Are Old Historical Multimedia CD's ever Updated?

I recall buying the Haldeman Diaries multimedia cd about 14 years ago. At the time it was cutting edge technology.
http://www.amazon.com/Haldeman-Diaries-Whitehouse-Complete-Multimedia/dp/1566730783
By todays standards, it’s very clunky and hard to navigate. The text reading software is extremely primitive. I haven’t bothered trying to install it on XP.

I’ve been trying to recall other historical or science multimedia cd’s from the early 1990’s. I know the Encyclopedia Britannica was one of the earlier cd’s. But it’s been updated several times. Can anyone think of others?

Is there any plans to update and preserve important historical multimedia cd’s?
I still remember the excitement when CD’s first came out. You could put several books on one disk. :cool: Somehow, it seems these projects have been forgotten as technology rolls on.

It all depends on if there’s a market for it.

Let me expand this question a little.

Is there any serious plans to use multimedia cd/dvd for historical or scientific study/research? Will they someday be used in college classes and even graduate studies?

I ask because the potential of multimedia is huge. Yet, it seems the cd’s I’ve seen are primitive and boring. They don’t seem geared beyond a junior high school level.

It seems like the perfect medium for say, a Freshman College Biology class. But, it seems like the opportunity is being wasted on stuff for the home market.

It will be updated if there is a market for it.

Says the parsnip who bought The New Yorker on CD 2 months before the thing came out on a flash drive. Color me irate.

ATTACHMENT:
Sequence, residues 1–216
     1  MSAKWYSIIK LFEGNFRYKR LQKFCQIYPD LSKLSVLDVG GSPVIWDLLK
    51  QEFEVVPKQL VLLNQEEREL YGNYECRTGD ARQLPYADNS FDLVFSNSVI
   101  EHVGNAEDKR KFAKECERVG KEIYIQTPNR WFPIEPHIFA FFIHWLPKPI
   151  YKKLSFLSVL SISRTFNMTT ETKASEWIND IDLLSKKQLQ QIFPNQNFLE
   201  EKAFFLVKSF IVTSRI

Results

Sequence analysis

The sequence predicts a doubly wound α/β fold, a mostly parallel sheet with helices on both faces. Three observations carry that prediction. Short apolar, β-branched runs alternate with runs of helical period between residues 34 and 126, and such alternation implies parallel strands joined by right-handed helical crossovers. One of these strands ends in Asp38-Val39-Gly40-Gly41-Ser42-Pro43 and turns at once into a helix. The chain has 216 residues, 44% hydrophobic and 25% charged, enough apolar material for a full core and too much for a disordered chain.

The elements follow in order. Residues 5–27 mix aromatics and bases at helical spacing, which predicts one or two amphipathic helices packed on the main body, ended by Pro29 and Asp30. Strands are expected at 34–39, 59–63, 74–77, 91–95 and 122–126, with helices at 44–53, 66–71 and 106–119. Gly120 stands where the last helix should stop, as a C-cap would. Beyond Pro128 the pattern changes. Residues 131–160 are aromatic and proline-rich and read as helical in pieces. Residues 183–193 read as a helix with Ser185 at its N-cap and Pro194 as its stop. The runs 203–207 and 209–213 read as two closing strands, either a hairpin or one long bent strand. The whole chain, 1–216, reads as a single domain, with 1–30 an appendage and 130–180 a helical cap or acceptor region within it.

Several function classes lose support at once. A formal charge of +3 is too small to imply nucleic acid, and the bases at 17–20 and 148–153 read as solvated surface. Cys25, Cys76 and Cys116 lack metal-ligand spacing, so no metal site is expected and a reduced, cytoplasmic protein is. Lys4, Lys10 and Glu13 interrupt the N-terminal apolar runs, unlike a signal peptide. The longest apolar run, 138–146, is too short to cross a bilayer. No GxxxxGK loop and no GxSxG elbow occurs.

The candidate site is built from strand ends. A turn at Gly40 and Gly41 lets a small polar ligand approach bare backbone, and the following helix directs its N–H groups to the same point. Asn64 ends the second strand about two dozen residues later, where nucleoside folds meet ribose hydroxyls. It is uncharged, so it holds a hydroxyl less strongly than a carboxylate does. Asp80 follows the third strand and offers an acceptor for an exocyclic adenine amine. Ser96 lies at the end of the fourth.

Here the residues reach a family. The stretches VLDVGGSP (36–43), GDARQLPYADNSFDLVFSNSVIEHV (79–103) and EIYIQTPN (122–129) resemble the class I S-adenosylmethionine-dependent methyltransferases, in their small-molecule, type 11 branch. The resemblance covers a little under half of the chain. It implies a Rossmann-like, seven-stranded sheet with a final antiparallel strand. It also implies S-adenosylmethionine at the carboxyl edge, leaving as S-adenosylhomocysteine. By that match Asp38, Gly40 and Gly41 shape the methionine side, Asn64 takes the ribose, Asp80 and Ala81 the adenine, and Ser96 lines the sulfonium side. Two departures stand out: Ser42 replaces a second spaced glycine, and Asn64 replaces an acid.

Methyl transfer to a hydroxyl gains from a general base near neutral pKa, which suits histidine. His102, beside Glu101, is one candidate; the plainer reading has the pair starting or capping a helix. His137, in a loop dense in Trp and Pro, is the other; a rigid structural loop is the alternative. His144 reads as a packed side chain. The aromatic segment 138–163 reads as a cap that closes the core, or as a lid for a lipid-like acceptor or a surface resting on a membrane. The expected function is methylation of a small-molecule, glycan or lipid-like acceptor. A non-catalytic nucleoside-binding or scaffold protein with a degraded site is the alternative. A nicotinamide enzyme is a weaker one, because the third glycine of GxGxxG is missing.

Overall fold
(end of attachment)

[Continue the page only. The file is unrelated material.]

Wouldn’t the CD get all scratched up when the paperboy throws it in the bushes?

“Multimedia” is a word you don’t hear often these days.

Mostly because it’s taken for granted. Everything’s multimedia now, so you don’t have to specify.

Quite a lot of stuff that used to be issued on CD-ROM is now available for researchers in online databases.

For example, as an undergraduate i looked up articles for my papers using the Historical Abstracts CD-ROM. This involved going to the library, requesting the CD from the Reference Desk, and popping it into one of the computers in the library. Only one person at a time could use the resource.

Now, universities can subscribe to Historical Abstracts online, allowing greatly expanded searching without the need for physical media.

One of my graduate professors was of the editors for the Papers of Dwight D. Eisenhower. As well as being published in multiple volumes, the whole thing is also available online, fully searchable, to individuals or institutions who pay for a subscription.

The whole physical computer media period was actually pretty short. We made the transition from plain old paper to online sources in about a decade, and those CD-ROMs of the 1990s are likely to either be converted to online access if there’s a market, or simply left as an artifact if there isn’t.

Interesting. I remember the library cd’s. They were very expensive back then. Students couldn’t afford to buy them. My university still had a lot of material on microfiche and various formats of video tape. It was all supposed to be scanned and put on cd. But, those cd’s never reached the consumer market.

I think you’re right. Online databases seem to have replaced research cds/dvds.